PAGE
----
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5 Important Steps for College Athletics Recruiting
By Tom Kovic


The college experience will be some of the most critical years in our children's lives. Realizing the potential leverage families and prospective student-athletes have in the college recruiting process will develop increased confidence and clarity as the college quest unfolds. Knowing how to close on this opportunity is, without question, essential. Below are 5 important steps for college athletics recruiting.

1) Determine Potential Fits
Every prospect has an ideal college experience waiting for him or her and identifying essential operatives that define your personal goal is half the battle. Self-awareness is a powerful tool. Growing an appreciation for what potentially appeals to you in college is a great place to start. Begin by meeting as a family and identifying a shortlist of operatives (academic strength, level of athleticism, geographic location, etc.) to help formulate your initial college list.

Research a small but equal number of D-1, 2, and 3 colleges and their sports programs. Investigate the team's success level and dig into a few player profiles to determine the general level of athleticism. Consider the conference they participate in and the strength of schedule.

2) Identify Your Position of Strength
Are you looking to use your strength as an athlete to gain an athletic scholarship? Or do you want to leverage your athletic ability to gain admission to an academically elite institution?

Considering only 25% of college athletes qualify for an athletic scholarship, the competition for athletic grants is fierce. College coaches use simple strategies when recruiting prospects, and scholarship athletes are typically blue-chip, immediate impact athletes.

Coaches from select college programs (Ivy, Patriot League, and D-3) use a slightly different formula when identifying potential prospects. The evaluation begins in the classroom and not on the field. They are hungry for academic information (transcripts, school profile, and standardized testing) to compute a rough "admissions index." Once prospects pass this hurdle, coaches aggressively begin the sports evaluation.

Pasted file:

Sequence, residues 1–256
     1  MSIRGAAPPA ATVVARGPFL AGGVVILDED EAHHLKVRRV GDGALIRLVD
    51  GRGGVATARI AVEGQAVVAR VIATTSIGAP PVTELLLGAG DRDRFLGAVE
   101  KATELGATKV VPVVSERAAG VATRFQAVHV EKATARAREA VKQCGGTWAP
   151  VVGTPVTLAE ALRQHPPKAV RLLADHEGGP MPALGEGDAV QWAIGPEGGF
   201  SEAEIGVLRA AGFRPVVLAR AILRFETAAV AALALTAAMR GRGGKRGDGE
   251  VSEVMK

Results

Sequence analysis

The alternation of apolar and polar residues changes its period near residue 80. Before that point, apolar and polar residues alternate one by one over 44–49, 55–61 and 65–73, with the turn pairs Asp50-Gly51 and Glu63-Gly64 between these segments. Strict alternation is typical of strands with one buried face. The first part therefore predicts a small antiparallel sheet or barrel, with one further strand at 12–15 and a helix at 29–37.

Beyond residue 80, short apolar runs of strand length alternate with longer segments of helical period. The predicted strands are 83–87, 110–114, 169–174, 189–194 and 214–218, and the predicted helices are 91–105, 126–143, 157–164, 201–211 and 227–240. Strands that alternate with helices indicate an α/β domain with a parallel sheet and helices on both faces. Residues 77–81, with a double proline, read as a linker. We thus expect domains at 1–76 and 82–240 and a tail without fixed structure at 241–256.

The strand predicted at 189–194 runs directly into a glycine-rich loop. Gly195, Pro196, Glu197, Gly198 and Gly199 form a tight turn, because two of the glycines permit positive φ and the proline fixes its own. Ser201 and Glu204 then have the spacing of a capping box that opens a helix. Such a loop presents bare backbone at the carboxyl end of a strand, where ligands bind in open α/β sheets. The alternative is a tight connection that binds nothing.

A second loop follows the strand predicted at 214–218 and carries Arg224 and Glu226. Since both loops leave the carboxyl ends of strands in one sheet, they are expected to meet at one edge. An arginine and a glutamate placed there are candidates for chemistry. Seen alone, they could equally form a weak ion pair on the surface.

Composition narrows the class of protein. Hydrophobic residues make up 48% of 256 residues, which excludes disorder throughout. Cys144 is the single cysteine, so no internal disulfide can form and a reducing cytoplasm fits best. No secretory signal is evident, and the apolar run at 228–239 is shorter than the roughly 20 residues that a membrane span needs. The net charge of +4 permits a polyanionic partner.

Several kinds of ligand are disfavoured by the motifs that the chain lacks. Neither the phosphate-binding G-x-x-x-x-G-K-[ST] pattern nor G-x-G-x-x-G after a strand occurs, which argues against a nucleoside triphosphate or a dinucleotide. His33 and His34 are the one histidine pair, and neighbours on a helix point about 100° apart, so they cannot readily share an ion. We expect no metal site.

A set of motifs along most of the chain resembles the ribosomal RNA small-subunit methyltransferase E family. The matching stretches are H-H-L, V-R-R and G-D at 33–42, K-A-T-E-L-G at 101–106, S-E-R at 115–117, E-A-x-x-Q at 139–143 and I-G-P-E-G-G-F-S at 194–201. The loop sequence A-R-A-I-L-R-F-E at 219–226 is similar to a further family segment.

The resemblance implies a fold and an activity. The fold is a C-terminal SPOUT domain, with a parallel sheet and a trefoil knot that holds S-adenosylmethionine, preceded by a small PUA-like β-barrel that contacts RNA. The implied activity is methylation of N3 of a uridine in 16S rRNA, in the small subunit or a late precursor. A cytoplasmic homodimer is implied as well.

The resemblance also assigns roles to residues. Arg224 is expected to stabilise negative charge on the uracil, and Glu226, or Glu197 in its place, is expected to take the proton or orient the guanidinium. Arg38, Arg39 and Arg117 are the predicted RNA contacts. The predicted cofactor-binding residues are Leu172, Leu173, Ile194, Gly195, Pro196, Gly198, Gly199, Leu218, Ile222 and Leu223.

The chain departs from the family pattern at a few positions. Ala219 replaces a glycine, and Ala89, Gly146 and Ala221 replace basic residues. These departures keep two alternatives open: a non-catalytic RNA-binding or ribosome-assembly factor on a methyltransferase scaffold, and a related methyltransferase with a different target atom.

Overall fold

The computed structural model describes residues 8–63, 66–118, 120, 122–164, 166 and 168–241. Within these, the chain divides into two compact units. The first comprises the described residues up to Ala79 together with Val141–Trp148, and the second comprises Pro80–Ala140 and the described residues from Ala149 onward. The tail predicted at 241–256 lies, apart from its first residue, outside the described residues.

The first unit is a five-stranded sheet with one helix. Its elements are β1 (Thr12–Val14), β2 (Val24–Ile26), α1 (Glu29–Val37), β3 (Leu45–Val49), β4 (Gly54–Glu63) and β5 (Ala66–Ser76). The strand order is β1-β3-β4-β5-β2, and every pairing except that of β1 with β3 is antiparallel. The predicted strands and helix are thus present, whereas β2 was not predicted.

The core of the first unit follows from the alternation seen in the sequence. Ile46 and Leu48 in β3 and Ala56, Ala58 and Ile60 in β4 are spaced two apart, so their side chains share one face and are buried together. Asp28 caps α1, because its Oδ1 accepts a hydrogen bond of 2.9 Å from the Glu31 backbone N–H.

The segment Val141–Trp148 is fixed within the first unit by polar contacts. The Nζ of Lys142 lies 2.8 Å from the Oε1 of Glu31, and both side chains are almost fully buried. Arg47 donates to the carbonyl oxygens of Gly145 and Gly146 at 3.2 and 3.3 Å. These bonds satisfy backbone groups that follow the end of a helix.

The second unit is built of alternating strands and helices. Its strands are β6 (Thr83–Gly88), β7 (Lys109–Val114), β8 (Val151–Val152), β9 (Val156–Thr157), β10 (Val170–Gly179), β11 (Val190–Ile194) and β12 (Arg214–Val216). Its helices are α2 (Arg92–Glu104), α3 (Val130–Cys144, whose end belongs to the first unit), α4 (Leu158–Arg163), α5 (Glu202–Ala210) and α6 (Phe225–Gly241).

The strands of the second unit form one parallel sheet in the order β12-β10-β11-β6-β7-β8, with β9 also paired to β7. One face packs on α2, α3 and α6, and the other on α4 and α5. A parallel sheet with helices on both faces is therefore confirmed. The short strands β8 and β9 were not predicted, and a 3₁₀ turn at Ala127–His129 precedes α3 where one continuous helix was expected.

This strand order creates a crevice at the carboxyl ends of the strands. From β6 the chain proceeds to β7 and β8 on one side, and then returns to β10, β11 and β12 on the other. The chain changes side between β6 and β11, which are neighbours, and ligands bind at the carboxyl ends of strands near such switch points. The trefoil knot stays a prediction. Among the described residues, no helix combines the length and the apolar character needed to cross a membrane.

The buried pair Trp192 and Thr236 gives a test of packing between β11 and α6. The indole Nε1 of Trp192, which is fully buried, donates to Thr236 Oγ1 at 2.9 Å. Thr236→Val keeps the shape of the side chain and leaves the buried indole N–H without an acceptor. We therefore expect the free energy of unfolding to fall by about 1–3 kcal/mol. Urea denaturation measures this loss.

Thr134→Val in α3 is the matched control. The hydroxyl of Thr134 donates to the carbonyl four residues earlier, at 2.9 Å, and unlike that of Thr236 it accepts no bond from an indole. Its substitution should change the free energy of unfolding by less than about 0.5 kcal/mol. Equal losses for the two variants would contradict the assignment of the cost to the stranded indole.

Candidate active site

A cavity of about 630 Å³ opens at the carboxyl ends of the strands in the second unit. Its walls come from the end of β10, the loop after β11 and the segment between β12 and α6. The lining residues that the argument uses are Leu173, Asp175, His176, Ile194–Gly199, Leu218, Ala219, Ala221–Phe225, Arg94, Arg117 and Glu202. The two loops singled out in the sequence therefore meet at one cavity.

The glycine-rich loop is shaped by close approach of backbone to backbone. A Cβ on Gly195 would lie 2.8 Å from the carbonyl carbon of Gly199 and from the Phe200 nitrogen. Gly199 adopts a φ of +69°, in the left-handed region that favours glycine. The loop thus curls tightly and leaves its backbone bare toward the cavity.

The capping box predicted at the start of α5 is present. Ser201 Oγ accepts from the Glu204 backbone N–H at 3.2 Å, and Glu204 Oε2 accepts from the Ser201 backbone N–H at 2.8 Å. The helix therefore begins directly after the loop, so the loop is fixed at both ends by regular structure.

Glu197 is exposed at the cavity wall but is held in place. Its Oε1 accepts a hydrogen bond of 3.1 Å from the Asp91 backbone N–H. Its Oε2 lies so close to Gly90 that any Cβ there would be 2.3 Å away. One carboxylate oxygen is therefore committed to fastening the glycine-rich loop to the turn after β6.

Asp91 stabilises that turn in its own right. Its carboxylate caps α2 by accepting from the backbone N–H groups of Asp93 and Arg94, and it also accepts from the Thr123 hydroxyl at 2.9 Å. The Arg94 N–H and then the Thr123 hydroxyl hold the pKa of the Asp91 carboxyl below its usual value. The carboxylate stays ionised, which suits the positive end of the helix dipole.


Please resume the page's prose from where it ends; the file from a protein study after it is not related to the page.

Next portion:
3) NCAA Rules and Procedures
Gathering information is critical to the successful organization of any worthy project. Begin by building a college recruiting information base as early as the 9th grade. Make this a fun, family hobby that increasingly grows into a highly organized, disciplined project by the end of the junior year in high school.

Embrace the NCAA recruiting rules. It will help you identify the game rules that will streamline your planning into a more straightforward and more useful format. Visit: http://www.ncaa.org/wps/wcm/connect/public/ncaa/resources to preview the Division 1, 2, and 3 recruiting manuals and devote your time to the chapters on recruiting, eligibility, and financial aid.

4) The Bigger Picture
Every prospect should get excited about potentially contributing their athletic talent to a worthy college team. That aside, it is essential to look beyond the college athletic experience when identifying a school that will position you firmly in your professional field of interest.

For example, "non-athletic scholarship institutions" can offer significant assistance in Admissions and Financial Aid. Furthermore, prospects should clearly understand the role the college coach plays in this process. Make every effort to develop a sincere and strong working relationship with the coaches. You will be well on your way!

5) Communication
If your mission is clear, then communication becomes the vehicle to move with a definite purpose in your chosen direction and should be initiated early on by the prospect. College coaches have explicit restrictions on when and where they may contact prospects and families. Still, candidates and families may call or e-mail a coach early in the recruiting process and with very few exceptions.

An initial letter of introduction accompanied by a profile is a great way to begin. Still, it is imperative to regularly follow up with significant updates with "grip" (competition results, academic and video updates, etc.). The prospect that practices "proactive persistence" with respect will grab the college coach's attention. Make a concerted effort to execute these 5 important steps for college athletics recruiting. Combine this with a systematic and well-researched college recruiting plan and you will be off to a great start to identifying, working toward, and securing admission to your top college choice.




Tom Kovic is a former Division I college coach and Founder/Principal of Victory Collegiate Consulting, where he advises prospects and families on college recruiting. For further information visit: www.victoryrecruiting.com.
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